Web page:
How Laredo, Tex. Is Taking Advantage Of Its Geographical Location To Create Job Growth

Location, location, location: the key ingredient for any business to succeed. While in the private sector, business owners have the luxury of choosing where to open up shop, municipal government leaders must work hard to attract business to their cities.

Laredo, Tex. was founded on the north bank of the Rio Grande on May 15, 1755, when Spanish Captain Tomás Sanchez was granted permission to settle 15 leagues of land near an Indian ford on the river. That settlement grew into a thriving community on both sides of the Rio Grande, establishing itself then, as it is now, 257 years later, as a prosperous trade outpost.

Trade is Laredo's lead industry. Today Laredo is the nation's largest inland port in the nation, handling over 12,000 trucks every day. It is the sixth largest commercial port in the United States, behind only the major water ports. Laredo crosses more trucks on a daily basis than all the other land ports on the southern border combined. The city is also the number-one railroad interchange point on the U.S./Mexico border, with 1,200 rail cars crossing every day, as well as being the eighth largest air cargo hub in the Americas. In fact, 60 percent of all U.S. trade with Mexico crosses through the Port of Laredo. All told, the City of Laredo generates more than $173 billion annually in international trade.

Laredo, Tex. sits on the U.S./Mexico border where IH-35 and two major railroads cross into Mexico. However, the city does not view itself as sitting on the border with Mexico, but as a hub of activity for South Texas and Northern Mexico. While geography has certainly played into the growth and development of the community, achieving this milestone did not happen just because of where the city is located. City of Laredo leaders also did not just sit around and wait for business to come to Laredo. The city's location and development, as a close neighbor to Mexico, aside from creating tourism as Laredo's second-leading industry, has created a unique and dynamic bilingual and bicultural community, for both business and personal sectors of the residents' lives. Taking advantage of this understanding, appreciation, and mastery of the Spanish language and Mexican culture, business mores, and governmental processes, City of Laredo leaders have gone throughout Central and South America and applied those same principals to facilitate trade from these countries through Mexico, faster, cheaper, and just as securely as other U.S. ports. At a recent trade symposium hosted by the City of Laredo with all Central American countries, numerous memoranda of understanding were executed to send their country's goods and products through the Port of Laredo, and the reasons cited included Laredo's facilities, location, security, business opportunities, and bilingual culture of cooperation.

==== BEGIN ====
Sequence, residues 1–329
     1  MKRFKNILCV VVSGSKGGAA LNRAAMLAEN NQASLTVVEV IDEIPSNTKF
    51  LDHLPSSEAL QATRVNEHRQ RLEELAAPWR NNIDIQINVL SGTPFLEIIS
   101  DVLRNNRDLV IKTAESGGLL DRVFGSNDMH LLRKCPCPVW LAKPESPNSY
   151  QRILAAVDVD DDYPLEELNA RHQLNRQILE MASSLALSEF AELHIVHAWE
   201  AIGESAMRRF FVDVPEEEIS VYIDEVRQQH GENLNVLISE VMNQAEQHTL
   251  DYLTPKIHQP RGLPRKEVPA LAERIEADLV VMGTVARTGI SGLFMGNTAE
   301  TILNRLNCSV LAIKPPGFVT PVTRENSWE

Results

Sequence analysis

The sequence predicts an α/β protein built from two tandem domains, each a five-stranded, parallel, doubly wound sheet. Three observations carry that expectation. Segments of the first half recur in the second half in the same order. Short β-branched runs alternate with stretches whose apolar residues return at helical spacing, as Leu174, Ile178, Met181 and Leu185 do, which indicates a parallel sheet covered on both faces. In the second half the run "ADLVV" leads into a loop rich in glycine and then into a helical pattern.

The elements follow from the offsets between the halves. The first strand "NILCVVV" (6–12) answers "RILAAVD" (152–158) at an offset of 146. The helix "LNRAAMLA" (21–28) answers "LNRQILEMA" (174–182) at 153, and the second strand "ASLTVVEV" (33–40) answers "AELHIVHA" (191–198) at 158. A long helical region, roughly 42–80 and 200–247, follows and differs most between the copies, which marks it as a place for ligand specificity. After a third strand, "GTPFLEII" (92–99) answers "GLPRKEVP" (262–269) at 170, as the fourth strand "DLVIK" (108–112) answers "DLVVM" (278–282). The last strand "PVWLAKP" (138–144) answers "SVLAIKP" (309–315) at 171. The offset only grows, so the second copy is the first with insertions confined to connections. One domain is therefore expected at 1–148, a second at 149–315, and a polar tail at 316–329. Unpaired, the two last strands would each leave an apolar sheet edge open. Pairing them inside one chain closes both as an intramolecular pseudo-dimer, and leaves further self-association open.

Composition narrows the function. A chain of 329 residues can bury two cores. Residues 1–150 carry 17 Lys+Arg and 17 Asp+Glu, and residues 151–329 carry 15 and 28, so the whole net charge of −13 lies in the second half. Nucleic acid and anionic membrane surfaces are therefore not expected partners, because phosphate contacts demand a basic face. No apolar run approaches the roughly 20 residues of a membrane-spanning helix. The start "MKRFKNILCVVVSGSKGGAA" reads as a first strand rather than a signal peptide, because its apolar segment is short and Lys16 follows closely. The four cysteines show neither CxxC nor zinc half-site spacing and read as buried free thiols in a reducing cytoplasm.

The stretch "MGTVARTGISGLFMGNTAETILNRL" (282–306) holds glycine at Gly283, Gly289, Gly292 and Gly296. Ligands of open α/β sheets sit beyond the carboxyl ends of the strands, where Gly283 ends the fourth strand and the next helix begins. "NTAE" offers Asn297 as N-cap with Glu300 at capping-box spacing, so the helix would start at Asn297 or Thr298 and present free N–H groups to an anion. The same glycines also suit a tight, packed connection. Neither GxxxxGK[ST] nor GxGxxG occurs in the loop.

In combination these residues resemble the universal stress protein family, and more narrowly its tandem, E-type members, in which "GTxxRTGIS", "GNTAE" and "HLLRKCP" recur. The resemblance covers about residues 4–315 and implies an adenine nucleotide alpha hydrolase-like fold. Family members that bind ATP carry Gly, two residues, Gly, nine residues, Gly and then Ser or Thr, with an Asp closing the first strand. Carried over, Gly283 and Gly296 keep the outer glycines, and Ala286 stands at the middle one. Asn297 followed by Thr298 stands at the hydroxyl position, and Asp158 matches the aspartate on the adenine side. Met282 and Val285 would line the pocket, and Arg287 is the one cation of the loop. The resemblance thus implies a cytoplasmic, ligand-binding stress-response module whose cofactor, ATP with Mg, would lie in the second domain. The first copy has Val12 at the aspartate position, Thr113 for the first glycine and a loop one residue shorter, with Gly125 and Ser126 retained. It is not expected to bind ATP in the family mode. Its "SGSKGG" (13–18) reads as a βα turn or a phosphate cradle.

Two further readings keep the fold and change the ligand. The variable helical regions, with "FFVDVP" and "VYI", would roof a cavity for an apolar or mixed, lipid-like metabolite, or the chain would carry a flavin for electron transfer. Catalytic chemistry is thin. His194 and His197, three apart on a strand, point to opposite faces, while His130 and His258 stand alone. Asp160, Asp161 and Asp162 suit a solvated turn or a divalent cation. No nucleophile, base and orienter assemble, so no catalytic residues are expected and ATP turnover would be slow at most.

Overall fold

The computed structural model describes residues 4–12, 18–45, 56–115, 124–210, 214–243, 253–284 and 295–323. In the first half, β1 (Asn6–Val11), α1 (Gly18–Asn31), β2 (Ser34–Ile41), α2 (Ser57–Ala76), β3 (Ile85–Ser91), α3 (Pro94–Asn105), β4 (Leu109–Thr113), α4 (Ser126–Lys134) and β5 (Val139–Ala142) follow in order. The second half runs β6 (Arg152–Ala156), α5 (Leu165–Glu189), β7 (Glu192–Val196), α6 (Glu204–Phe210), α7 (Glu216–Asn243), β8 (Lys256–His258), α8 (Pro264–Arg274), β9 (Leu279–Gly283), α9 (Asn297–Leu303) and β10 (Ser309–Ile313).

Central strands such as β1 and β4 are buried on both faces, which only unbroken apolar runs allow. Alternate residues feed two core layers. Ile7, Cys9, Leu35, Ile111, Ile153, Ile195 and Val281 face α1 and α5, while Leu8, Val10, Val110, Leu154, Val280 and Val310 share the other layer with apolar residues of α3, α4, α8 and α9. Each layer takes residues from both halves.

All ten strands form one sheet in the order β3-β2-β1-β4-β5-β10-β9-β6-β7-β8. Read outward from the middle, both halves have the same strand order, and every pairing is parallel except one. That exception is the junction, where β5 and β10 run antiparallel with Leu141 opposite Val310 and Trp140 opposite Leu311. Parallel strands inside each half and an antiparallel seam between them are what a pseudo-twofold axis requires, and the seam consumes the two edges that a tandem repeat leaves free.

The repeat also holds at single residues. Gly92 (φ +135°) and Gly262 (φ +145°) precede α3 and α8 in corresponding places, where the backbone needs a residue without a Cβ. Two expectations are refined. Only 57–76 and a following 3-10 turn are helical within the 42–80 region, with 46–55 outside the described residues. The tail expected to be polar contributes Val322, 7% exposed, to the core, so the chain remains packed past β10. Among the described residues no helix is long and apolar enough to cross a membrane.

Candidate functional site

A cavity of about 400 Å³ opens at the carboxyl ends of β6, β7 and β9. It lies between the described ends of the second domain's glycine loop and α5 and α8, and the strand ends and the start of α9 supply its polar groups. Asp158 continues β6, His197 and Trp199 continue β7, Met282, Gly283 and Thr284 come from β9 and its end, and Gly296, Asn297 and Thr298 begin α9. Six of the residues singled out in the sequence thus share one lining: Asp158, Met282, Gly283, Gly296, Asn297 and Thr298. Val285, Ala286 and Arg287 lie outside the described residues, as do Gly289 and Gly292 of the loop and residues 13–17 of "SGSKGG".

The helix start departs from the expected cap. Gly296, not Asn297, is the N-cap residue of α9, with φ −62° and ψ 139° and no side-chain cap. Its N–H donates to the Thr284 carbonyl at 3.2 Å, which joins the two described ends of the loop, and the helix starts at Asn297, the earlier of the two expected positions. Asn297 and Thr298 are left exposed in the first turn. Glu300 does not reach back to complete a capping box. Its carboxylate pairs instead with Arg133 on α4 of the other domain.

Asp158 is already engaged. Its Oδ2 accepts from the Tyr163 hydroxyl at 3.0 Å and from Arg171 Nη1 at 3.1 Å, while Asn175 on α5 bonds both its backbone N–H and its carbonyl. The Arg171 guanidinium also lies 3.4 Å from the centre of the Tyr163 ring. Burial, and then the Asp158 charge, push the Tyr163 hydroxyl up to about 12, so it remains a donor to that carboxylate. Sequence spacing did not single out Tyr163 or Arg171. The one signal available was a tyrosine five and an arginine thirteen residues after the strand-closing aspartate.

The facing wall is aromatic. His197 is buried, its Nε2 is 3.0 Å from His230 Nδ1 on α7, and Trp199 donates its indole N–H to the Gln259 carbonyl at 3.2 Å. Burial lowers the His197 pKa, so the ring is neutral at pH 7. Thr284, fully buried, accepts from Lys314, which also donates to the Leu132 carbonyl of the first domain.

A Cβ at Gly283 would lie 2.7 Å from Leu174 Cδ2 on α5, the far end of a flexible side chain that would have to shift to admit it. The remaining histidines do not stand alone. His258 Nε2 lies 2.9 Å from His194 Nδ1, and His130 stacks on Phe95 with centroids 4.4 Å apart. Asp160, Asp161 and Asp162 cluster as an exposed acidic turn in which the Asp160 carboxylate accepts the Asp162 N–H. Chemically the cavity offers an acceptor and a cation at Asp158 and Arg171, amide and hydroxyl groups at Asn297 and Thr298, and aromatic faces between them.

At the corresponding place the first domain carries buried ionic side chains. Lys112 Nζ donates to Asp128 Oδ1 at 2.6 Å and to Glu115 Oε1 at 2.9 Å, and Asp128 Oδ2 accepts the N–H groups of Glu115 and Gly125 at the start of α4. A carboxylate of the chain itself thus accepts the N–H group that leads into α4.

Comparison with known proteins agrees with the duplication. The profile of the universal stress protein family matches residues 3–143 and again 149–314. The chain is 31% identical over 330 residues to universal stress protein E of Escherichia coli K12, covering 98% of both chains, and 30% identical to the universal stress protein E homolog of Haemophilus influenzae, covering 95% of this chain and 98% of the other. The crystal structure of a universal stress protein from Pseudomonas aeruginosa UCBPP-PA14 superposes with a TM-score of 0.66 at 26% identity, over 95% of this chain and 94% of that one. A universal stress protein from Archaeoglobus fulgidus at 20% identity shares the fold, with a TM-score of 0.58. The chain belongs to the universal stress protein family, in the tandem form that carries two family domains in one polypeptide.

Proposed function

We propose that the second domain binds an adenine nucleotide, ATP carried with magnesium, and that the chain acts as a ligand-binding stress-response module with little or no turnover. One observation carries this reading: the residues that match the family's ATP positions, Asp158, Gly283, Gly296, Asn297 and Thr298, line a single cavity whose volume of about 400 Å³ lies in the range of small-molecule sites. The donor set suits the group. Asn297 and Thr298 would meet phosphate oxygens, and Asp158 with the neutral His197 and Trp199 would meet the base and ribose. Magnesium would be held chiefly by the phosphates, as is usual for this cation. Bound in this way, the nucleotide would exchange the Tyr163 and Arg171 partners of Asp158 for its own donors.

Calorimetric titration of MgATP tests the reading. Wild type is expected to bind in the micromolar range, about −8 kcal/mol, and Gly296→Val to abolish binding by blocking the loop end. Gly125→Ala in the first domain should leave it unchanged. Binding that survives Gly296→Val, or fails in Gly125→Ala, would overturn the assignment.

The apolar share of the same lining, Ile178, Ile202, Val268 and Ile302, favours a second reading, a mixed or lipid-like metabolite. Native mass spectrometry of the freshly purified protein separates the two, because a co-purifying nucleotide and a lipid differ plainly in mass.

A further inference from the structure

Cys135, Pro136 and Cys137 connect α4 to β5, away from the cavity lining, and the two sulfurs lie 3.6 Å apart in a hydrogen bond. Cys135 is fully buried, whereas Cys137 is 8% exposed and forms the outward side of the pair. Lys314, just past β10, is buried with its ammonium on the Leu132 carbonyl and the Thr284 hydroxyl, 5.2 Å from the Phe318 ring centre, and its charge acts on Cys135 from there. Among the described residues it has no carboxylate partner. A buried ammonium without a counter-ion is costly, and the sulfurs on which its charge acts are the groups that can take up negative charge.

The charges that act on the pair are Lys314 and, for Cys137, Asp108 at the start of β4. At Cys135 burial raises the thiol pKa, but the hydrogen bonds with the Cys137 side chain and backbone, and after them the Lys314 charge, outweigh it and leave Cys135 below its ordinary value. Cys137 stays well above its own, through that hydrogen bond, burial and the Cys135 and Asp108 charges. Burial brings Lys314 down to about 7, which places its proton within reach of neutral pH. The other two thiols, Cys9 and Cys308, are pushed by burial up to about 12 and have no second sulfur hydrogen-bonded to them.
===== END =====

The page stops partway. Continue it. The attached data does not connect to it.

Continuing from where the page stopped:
When Captain Sanchez was settling in the area, he had no idea of the goldmine that the area would also offer his descendants centuries later. South Texas, and specifically the brush country terrain where Laredo sits, is the area of the discovery of a major oil and natural gas formation just north of Laredo -- the Eagle Ford Shale. Oil and gas companies -- and their employees -- are flocking to Laredo to set up shop, homes, and other related businesses, and Laredo city leaders have been quick to take advantage of this boom.